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Abdullahpur Ka Devdas (Review): Romancing Empty Aesthetics

A Pakistani series made for Indian television. I never thought this sentence could exist but here we are. ‘Abdullahpur Ka Devdas’, a Pakistani production has landed on Zee Zindagi and will stream on YouTube, twice weekly, for Pakistani audiences. The first two episodes of the 13-episode series just dropped and left me wondering, among other things, if it was possible to dumb down your run-of-the-mill Pakistani drama script. I thought we were operating at the bottom level already but ‘Abdullahpur Ka Devdas’ proved me wrong. There was a level below it, and we just needed this cross-border collaboration to establish its existence.

Stilted Performances

‘Abdullahpur Ka Devdas’, directed by Anjum Shahzad (Khaani, Khuda Aur Muhabbat) is supposedly a poetic tale of love and ache (Devdas is literally in the title) between a poet, Fakhar (Bilal Abbas coasting through this one) and Gulbano (Sarah Khan, merely existing) in, what I assume is a fictional small town of Abdullahpur. There is also Kashif (Raza Talish transporting his Jaan-e-Jahan goofiness here) who ‘borrows’ Fakhar’s book of poetry to impress girls at his university. Promotion blurbs hint at a case of mistaken identity whereby Gulbano falls for the poet without seeing his face and mistaking him for Kashif who studies at the same university as her. So far so ‘Saajan’ (1991).

Writer Shahid Dogar (Baarwan Khiladi, Akhara) has ingeniously made the leads, Fakhar and Gulbano, orphans so that the need for their backstories can be dispensed with. It explains why Fakhar would be a poet, a cricketer, a quintessential small-town drifter who falls haplessly for a girl at first sight. For Gulbano, her dead parents mean we get copious amounts of characters from both sides of her family to sustain the drama. Her uncle (a delightful Shazad Nawaz) is after her inheritance and wants his reckless son (a struggling Ali Ansari) to marry her while her mother’s sister (Savera Nadeem) wants Gulbano to marry her son ( a dead-eyed Saad Qureshi), who is a politician in the making. Sarah Khan is effortless as the caged, ethereal human fairy that is Gulbano. The actor’s soft vulnerability bleeds into the character who sadly demands nothing more from her.

Storytelling For Dummies

‘Abdullahpur Ka Devdas’ is a typical Pakistani romance we see unfold on our TV screens daily, with commercial success. That is not necessarily a bad thing but the makers of ‘Abdullahpur Ka Devdas’ have committed a cardinal sin by tweaking what is a solid done-to-death formula of our dramas to cater to Indian TV sensibilities. There is no dish-dish-dish onomatopoeia (thankfully) of the Indian soaps here but the characters surely belong to that space. There is a lot of talking down to the audience. Makers don’t even trust the audience to figure out what the next scene might be. The last dialogue of the previous scene makes it clear what we will be cutting to next. Text, context, subtext, all shoved down the viewer’s throat lest they get confused and switch to the ‘rasoi mein kaun tha’ scene on the other channel. No scene is allowed to breathe. We cut straight to the action or dialogue and it takes a while to realize where and when we are in the story. The entire 30-minute episode coalesces in a way that we don’t move but jump from scene to scene with no time to question or absorb what’s being shown to us.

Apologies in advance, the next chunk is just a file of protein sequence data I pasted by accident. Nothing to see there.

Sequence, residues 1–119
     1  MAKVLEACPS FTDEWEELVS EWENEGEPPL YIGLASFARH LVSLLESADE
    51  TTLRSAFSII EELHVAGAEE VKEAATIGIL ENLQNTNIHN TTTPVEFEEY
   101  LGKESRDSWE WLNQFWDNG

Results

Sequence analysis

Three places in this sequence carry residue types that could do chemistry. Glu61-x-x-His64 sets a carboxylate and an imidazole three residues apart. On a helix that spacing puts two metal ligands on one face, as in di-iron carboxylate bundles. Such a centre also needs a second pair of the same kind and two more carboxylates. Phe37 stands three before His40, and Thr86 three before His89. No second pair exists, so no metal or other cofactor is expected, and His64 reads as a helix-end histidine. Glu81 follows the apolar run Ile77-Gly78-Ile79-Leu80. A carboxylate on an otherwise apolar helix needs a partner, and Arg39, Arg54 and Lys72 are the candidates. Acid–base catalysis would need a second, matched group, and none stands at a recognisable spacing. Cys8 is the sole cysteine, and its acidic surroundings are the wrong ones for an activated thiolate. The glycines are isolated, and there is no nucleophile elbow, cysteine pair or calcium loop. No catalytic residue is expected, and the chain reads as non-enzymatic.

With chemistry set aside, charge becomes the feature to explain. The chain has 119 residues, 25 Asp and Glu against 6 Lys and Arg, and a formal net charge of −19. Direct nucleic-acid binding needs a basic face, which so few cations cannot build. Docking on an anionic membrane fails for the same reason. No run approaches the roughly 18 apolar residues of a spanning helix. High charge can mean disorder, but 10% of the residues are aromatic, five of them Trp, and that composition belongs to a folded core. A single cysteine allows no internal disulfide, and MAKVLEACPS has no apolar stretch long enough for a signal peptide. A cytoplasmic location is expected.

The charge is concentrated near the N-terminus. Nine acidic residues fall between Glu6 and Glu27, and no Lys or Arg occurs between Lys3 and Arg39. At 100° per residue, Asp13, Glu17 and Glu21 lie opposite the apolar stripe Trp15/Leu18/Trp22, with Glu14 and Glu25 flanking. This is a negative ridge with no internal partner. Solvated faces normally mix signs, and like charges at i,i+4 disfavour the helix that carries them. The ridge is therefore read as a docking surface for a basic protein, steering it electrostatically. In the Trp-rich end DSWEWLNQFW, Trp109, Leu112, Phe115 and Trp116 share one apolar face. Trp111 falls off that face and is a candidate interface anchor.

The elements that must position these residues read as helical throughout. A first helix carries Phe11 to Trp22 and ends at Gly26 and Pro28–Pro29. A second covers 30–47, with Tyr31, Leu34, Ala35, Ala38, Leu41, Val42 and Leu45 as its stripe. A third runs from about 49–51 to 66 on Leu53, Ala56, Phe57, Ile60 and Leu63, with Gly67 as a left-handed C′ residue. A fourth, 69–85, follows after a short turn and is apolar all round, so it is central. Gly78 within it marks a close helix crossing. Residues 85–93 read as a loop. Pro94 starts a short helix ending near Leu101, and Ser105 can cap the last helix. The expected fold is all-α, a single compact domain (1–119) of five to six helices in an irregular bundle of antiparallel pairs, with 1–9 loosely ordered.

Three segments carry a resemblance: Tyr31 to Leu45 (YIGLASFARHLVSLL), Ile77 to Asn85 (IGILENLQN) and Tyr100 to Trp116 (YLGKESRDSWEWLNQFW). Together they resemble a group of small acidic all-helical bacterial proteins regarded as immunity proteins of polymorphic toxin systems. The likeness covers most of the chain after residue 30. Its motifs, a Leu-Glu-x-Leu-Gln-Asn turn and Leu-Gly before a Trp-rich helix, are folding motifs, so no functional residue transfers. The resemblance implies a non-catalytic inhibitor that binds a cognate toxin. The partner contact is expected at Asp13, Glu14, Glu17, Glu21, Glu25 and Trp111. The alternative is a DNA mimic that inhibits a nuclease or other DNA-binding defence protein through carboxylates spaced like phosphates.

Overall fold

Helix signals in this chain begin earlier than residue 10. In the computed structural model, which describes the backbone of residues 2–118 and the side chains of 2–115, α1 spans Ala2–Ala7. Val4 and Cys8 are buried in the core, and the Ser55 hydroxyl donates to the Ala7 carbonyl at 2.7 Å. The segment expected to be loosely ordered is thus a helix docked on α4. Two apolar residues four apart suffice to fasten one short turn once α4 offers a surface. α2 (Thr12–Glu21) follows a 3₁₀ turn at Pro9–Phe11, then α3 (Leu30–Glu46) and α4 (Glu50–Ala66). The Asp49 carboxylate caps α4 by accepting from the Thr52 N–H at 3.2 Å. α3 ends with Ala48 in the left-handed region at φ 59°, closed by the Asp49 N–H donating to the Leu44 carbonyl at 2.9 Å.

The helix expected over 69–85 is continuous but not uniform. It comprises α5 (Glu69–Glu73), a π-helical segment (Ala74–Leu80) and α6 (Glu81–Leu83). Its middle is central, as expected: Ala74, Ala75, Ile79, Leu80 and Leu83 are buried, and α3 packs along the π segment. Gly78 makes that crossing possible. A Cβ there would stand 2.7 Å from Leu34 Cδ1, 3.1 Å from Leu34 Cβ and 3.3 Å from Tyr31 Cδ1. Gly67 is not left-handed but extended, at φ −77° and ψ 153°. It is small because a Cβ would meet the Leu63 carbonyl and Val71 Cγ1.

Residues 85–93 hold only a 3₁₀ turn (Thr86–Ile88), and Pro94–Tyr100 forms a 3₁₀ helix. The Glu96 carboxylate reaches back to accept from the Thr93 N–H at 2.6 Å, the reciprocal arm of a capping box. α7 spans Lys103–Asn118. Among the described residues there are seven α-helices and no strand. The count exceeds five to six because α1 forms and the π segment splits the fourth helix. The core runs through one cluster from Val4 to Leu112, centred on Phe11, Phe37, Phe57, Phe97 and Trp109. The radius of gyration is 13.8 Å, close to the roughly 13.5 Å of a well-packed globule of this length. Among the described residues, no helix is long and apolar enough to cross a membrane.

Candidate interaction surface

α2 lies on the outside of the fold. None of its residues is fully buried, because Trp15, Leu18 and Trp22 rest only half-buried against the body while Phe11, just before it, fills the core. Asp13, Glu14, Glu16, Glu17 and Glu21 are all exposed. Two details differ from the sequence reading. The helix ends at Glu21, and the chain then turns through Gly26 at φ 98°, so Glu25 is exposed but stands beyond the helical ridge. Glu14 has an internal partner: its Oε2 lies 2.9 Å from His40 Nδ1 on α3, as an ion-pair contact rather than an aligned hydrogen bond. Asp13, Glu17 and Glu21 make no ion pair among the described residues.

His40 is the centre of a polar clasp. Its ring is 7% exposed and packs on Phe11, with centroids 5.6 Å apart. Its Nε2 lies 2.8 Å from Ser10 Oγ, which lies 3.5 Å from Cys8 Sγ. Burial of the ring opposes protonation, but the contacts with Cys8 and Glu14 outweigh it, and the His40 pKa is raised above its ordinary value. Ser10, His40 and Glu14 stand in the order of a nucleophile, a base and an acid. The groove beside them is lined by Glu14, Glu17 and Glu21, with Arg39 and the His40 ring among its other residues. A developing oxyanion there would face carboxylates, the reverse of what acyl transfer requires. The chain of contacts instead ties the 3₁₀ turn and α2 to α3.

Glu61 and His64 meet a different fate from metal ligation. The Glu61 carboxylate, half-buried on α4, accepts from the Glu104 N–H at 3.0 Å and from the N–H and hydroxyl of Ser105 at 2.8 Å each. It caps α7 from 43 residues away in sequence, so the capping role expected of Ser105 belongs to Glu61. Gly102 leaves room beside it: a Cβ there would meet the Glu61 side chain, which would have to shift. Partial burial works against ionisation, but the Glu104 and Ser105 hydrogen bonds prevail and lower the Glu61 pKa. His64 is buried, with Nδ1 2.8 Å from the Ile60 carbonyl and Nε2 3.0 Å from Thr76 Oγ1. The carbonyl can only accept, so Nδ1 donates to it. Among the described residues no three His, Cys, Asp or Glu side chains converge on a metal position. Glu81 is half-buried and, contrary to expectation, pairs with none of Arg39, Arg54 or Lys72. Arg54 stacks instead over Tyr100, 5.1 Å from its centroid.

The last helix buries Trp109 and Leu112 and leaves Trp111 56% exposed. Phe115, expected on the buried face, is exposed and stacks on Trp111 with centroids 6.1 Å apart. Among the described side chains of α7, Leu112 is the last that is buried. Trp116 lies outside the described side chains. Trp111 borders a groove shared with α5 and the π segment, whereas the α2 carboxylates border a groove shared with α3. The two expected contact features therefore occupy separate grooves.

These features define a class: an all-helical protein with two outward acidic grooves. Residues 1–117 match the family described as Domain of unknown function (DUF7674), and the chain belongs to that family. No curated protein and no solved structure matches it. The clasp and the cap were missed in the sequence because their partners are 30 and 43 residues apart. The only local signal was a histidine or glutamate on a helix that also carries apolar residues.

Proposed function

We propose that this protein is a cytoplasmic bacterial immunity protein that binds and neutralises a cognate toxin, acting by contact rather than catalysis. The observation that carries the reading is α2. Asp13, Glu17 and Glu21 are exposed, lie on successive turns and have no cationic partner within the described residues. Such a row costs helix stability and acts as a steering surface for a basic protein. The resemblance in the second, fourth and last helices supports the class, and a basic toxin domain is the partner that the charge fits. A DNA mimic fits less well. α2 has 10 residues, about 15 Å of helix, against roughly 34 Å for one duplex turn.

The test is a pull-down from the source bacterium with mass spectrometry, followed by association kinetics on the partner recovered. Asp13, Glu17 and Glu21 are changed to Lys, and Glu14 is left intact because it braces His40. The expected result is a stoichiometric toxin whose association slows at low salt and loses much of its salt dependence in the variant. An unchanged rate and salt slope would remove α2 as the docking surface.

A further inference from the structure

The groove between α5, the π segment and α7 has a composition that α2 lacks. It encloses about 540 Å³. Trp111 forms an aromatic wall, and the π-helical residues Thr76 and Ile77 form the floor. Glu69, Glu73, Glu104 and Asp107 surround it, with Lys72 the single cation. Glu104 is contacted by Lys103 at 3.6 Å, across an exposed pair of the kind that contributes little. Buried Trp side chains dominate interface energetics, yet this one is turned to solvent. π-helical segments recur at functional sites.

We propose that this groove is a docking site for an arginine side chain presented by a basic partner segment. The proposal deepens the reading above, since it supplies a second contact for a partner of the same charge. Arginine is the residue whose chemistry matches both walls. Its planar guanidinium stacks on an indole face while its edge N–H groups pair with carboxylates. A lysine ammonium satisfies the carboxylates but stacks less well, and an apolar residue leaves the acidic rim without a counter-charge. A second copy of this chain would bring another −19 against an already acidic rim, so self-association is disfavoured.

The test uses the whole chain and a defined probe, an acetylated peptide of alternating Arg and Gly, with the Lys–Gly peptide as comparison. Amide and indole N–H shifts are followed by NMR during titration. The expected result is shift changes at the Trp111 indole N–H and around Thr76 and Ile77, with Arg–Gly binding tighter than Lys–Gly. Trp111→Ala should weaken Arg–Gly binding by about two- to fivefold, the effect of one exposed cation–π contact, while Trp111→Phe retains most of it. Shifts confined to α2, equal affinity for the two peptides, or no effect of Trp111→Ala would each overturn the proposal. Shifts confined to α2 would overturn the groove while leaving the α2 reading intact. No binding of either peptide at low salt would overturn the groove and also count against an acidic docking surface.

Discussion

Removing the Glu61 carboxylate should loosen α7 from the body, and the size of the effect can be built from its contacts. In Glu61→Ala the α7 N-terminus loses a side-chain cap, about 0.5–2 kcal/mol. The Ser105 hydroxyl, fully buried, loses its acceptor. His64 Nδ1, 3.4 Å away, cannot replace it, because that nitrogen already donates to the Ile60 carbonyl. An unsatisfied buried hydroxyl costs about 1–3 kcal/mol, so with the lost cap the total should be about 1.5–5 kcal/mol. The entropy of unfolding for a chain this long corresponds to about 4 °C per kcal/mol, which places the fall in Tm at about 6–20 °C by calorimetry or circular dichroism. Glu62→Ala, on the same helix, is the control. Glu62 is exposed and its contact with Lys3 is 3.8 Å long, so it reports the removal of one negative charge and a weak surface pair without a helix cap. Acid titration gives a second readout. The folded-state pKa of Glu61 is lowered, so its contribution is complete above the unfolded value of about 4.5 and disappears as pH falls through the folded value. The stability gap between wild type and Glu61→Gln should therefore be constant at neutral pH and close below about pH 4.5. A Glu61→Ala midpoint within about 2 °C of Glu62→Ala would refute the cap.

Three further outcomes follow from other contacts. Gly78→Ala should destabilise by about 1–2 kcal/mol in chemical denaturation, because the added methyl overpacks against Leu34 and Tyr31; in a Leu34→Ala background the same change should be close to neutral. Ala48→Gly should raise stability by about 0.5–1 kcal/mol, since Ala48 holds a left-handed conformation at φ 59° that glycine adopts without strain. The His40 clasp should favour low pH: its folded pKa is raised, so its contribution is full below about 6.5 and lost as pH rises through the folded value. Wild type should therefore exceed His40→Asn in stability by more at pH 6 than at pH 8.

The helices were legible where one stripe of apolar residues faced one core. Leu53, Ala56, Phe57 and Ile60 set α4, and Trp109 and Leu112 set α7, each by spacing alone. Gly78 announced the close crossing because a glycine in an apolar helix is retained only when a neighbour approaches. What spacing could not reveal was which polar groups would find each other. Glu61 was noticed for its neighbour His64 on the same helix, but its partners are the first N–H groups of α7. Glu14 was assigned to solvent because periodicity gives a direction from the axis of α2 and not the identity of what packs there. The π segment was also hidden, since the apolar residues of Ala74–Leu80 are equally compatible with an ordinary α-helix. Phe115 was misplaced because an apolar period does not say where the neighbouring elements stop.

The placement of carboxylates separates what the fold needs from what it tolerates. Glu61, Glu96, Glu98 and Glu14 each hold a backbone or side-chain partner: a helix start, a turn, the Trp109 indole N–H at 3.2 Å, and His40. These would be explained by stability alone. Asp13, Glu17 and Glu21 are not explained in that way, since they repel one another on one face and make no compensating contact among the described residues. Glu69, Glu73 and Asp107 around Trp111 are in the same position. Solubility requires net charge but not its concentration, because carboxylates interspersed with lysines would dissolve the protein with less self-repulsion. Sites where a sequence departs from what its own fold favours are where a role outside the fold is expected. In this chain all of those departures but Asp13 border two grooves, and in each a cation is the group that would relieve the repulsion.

What this treatment does, at least for someone fed on a steady diet of Pakistani TV, is bleach the story of emotion which is ironic because ‘Abdullahpur Ka Devdas’ promises to be an intense lyrical love story that should provoke emotion. It feels like a hastily prepared meat that deserves better marination. The result is that the current lover boy ruling our screens, Bilal Abbas Khan of ‘Ishq Murshid’ looks impossibly bland here. His Devdas is on autopilot, frozen in the face of a contrived setting he is expected to imbibe. Ditto for Savera Nadeem, who feels like a 2D version of Kishwar from ‘Jaan e Jahaan’ in a saree. All characters talk like screenplay plots talking rather than regular people, so they don’t converse, they narrate. I genuinely dread what they do with Noman Ijaz who is yet to make an appearance.

Lackluster Detailing

The setting is bereft of any sense of time and place. The show is set in present times but there is no trace of phones or social media(yet). In one scene I saw a typewriter on poet Fakhar’s desk, so no surprise when an umbrella conveniently popped out of his cricket kit. Kashif and Gulbano’s university is set in Punjab College (but hey, Indians won’t know the difference) and Abdullahpur is androon Lahore. Every time Fakhar and Kashif go into an argument, I brace myself for their (yet) another chase across the inner-city galis as if they are cartoons and not best friends. I missed Kashif Nisar’s direction where the same lanes are transformed into a great character but no such thing here. A lecture on Urdu literature has Amrita Pritam’s ‘Pinjar’ title written on the blackboard (it’s a Punjabi novel) under Manto and Ismat Chugtai, both of whom, I am sure, would want no part of this. In one scene, a character is watching a Pak vs Afg match where Babar Azam seems to come back on strike after being dismissed and replaced by Haaris. A haveli known as White Palace is not even white. I can go on and on.

There seems to be no effort given to detailing when the memo is all vibe and no substance. ‘Abdullahpur Ka Devdas’ takes the best of what Pakistani drama has to offer – soulful music (Adnan Dhool never disappoints), vintage romance, realistic acting, and pure emotion – and blends it with an over-active, over-stylized, and hyper-emotional Indian soap aesthetic. The result is a noxious cocktail that only a drunk Devdaas would gulp before embracing an artistic death.

Written by Tooba M


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